His reputation and legacy soiled now beyond recognition, Joe Paterno announced his retirement Wednesday as Penn State’s football coach.
Wednesday night, the school’s board of trustees announced Paterno was done as coach, effectively immediately.
The end was a day long-awaited. But it arrived under unimaginable circumstances, with alleged child sexual abuse by a top Paterno assistant and claims of inadequate responses by the university and Paterno topping national headlines, eclipsing a record that included two national titles and five unbeaten seasons.
Does it matter right now that Joe Paterno is his sport’s winningest coach?
It is virtually impossible to dispute that Paterno, 84, stayed too long, several decades after retirement questions first arose. There is no talk of the “Grand Experiment” Paterno once espoused, no suggestion today that Penn State won football games while maintaining its ideals.
For so long, Paterno’s legacy seemed scandal-proof: six decades at the school, head coach for more than 45 seasons, first Division I-A coach to reach 400 wins.
“Whenever Joe does retire, and when you look at all the areas involved, he’ll go down as the most successful and probably the greatest coach we’ve ever had,” retired Florida State coach Bobby Bowden once said. “All the years he’s coached at one school, what he’s done for academics and the character of his players and the football team has been so good for so long.”
Wednesday, rival coaches talked instead of their sadness at how the tragedy that had unfolded in State College had engulfed Paterno.
Paterno’s career retrospective appeared destined to include lighthearted references to a kid from Brooklyn, a Brown University graduate, showing up at Penn State thinking he was merely stopping off on the way to law school.
“It was a cemetery,” Paterno joked about State College, recalling the town when he first arrived in 1950 as a 23-year-old assistant to Penn State football coach Rip Engle. “You couldn’t get a drink. And the only place you could buy a plate of spaghetti was a place called the Tavern. It cost a buck, and they had celery in the sauce!”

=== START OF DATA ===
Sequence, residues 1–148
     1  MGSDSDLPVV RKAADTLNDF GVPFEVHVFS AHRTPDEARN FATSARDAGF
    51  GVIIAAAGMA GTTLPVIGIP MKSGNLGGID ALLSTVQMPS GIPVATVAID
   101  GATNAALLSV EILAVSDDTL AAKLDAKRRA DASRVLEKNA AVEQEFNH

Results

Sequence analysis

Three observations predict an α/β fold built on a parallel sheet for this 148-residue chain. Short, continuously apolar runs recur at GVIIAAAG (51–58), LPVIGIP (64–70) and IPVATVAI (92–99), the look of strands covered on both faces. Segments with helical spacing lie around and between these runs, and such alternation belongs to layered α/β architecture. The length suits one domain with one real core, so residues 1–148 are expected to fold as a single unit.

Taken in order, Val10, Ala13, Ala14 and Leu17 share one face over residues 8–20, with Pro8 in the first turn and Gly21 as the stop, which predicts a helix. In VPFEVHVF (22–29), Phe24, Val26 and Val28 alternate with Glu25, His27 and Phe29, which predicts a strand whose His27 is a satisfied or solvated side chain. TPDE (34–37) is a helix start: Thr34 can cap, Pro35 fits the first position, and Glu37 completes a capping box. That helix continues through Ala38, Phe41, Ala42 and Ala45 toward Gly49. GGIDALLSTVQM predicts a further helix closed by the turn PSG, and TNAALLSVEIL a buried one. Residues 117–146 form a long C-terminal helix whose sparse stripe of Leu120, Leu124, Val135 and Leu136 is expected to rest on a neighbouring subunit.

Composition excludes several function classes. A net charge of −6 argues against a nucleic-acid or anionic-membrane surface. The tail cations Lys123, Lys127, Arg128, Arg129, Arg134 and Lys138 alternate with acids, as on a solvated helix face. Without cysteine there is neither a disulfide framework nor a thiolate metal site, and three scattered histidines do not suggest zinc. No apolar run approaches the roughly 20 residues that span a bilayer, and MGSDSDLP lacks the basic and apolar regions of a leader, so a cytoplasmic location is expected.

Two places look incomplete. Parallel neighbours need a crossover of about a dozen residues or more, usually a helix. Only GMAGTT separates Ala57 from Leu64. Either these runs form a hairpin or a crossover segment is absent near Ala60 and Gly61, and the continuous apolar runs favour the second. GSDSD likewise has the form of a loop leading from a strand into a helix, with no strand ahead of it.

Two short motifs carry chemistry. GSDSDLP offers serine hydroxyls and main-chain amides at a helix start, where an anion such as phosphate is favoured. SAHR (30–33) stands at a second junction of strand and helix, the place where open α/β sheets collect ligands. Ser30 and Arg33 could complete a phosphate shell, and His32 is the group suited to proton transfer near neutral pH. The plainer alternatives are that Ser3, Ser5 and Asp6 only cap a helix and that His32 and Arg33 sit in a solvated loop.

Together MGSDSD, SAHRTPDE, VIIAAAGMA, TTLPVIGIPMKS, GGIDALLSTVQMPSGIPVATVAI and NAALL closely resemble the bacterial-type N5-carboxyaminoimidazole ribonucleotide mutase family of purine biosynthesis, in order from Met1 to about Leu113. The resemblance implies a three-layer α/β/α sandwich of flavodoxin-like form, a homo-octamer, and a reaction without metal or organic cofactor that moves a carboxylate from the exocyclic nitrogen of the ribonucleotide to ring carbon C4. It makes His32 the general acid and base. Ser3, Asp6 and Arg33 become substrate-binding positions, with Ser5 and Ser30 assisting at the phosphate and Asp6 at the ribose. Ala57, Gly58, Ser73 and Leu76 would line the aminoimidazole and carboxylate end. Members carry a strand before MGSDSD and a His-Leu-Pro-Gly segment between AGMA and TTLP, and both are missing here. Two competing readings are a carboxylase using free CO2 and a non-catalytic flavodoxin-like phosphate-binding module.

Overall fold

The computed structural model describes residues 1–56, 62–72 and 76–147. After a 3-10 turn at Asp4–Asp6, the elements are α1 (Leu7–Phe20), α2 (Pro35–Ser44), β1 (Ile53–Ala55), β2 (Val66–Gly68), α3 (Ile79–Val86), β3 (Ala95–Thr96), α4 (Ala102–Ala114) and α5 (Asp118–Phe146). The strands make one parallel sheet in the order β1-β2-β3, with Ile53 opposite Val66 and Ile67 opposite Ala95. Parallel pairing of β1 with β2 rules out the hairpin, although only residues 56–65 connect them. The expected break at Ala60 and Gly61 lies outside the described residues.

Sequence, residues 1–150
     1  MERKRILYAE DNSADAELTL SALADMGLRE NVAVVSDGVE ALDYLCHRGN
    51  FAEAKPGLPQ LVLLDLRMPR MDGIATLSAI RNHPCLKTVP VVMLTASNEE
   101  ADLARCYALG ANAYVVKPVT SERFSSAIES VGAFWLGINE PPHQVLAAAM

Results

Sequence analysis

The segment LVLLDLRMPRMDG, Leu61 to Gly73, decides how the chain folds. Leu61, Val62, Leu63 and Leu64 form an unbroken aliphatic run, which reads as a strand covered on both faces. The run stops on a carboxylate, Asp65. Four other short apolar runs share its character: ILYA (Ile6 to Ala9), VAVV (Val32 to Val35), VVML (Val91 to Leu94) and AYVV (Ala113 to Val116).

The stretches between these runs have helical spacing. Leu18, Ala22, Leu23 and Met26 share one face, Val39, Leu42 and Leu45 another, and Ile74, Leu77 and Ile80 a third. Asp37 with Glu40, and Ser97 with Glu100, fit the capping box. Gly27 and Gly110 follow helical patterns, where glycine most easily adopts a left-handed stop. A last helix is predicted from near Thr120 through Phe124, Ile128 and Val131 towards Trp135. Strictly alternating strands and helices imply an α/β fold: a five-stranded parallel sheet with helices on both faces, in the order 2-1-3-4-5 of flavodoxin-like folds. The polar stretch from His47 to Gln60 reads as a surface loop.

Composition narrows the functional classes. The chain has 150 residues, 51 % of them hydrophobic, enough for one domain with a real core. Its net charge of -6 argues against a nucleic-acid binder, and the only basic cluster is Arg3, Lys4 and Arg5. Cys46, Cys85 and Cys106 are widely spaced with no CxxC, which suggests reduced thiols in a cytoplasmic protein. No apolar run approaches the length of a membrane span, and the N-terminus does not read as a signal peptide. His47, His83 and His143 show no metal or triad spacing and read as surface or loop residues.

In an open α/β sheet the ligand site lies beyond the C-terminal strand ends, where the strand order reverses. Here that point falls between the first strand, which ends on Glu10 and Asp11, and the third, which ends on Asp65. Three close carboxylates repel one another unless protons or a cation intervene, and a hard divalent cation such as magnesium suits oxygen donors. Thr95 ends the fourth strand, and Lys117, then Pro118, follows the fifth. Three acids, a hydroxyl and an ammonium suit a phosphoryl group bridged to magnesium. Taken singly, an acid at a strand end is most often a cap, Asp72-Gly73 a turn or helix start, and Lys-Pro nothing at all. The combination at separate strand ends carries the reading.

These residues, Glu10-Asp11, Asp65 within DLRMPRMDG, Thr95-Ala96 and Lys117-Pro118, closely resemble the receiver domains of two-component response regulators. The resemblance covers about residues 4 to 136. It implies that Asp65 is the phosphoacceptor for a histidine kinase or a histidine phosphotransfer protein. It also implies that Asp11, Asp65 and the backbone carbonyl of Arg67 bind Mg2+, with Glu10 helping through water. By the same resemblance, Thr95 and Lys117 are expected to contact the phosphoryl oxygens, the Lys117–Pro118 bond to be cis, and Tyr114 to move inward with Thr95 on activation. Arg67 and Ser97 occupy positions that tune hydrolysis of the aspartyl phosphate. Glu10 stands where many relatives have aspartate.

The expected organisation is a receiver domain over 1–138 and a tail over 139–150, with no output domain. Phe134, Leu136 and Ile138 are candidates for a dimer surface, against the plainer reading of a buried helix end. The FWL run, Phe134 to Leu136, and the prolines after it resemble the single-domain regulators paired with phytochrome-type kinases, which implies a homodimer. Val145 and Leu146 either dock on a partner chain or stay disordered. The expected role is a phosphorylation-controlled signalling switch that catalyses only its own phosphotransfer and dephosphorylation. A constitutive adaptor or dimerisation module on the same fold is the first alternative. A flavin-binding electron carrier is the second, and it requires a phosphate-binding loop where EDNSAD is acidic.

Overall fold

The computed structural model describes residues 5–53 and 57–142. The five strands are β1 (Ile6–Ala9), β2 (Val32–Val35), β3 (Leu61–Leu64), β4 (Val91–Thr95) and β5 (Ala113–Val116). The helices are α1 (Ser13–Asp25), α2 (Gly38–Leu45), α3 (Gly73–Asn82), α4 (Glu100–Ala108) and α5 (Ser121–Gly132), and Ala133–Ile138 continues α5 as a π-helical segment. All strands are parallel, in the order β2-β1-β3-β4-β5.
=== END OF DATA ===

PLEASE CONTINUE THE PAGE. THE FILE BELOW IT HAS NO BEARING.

His teams wore famously outdated uniforms, eventually adorned by a Nike swoosh. Paterno himself kept the same famous game-day look for decades, the horn-rimmed glasses, the too-short khakis and sneakers. He donated millions to Penn State and his fund-raising brought in many millions more. He remained proudly behind the technological times.
“I couldn’t download a jar of peanut butter,” he once said.
He survived on-field trials. When fans, alumni, and sportswriters called for his head after miserable seasons in 2003 and 2004, his Nittany Lions went 11-1 in 2005, won the Orange Bowl, and quieted the critics.
He got past a broken leg in 2006, a hip injury a couple of years later, then severe digestive-tract problems. This year, a hit he never saw coming from a player at practice sent him to the press box. This might still have been the end for Paterno even if the scandal hadn’t overtaken him. Or maybe he really did plan to coach forever.
“I don’t want to die,” he once told the State College Quarterback Club. “Football keeps me alive.”
He lived in the same four-bedroom rancher he purchased half a century back, drove a used BMW for years, kept the same vocabulary. (“They licked us pretty good.”) He eschewed offers to coach in the NFL, including an offer that came with a small ownership stake in the New England Patriots.
In recent years, Paterno had said he had delegated more authority to assistants. He also had said, “I still stick my two cents in.”
While no Paterno team ever earned NCAA penalties, off-the-field incidents in the past decade have tarnished the program’s squeaky-clean reputation. There was a rape accusation, a campus brawl that caused arrests, other incidents that drew police attention. Now, there are questions about what else might have been kept from public view.
Former Penn State defensive coordinator Jerry Sandusky was charged last week with 40 criminal counts of molesting eight young boys between 1994 and 2009 through his charitable foundation for at-risk youths, The Second Mile. Sandusky is free on bail and has a Dec. 7 court hearing.
If the hope of Paterno’s friends and fans was that his retirement would be cause for a grand celebration, that is gone now, as Paterno leaves under a cloud that will stick to the first paragraph of his obituary – his very departure taken out of his hands.